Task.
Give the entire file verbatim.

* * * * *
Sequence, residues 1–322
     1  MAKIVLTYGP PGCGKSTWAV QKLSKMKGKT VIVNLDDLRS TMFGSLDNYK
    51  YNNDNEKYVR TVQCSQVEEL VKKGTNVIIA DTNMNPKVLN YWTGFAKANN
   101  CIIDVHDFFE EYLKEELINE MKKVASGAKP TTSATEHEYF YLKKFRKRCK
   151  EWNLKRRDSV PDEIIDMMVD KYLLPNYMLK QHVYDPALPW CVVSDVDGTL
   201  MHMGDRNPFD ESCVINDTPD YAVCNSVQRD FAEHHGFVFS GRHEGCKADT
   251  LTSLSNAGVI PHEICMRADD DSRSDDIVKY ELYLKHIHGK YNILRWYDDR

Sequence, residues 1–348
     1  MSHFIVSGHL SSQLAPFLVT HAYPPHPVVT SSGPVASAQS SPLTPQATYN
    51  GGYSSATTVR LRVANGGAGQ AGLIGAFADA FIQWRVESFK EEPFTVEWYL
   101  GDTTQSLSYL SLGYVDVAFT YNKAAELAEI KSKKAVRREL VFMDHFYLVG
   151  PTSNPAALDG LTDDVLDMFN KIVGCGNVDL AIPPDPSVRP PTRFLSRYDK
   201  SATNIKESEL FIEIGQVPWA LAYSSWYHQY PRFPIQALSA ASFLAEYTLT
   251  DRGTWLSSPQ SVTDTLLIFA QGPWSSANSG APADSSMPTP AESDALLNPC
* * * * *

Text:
Sequence, residues 1–322
     1  MAKIVLTYGP PGCGKSTWAV QKLSKMKGKT VIVNLDDLRS TMFGSLDNYK
    51  YNNDNEKYVR TVQCSQVEEL VKKGTNVIIA DTNMNPKVLN YWTGFAKANN
   101  CIIDVHDFFE EYLKEELINE MKKVASGAKP TTSATEHEYF YLKKFRKRCK
   151  EWNLKRRDSV PDEIIDMMVD KYLLPNYMLK QHVYDPALPW CVVSDVDGTL
   201  MHMGDRNPFD ESCVINDTPD YAVCNSVQRD FAEHHGFVFS GRHEGCKADT
   251  LTSLSNAGVI PHEICMRADD DSRSDDIVKY ELYLKHIHGK YNILRWYDDR

Sequence, residues 1–348
     1  MSHFIVSGHL SSQLAPFLVT HAYPPHPVVT SSGPVASAQS SPLTPQATYN
    51  GGYSSATTVR LRVANGGAGQ AGLIGAFADA FIQWRVESFK EEPFTVEWYL
   101  GDTTQSLSYL SLGYVDVAFT YNKAAELAEI KSKKAVRREL VFMDHFYLVG
   151  PTSNPAALDG LTDDVLDMFN KIVGCGNVDL AIPPDPSVRP PTRFLSRYDK
   201  SATNIKESEL FIEIGQVPWA LAYSSWYHQY PRFPIQALSA ASFLAEYTLT
   251  DRGTWLSSPQ SVTDTLLIFA QGPWSSANSG APADSSMPTP AESDALLNPC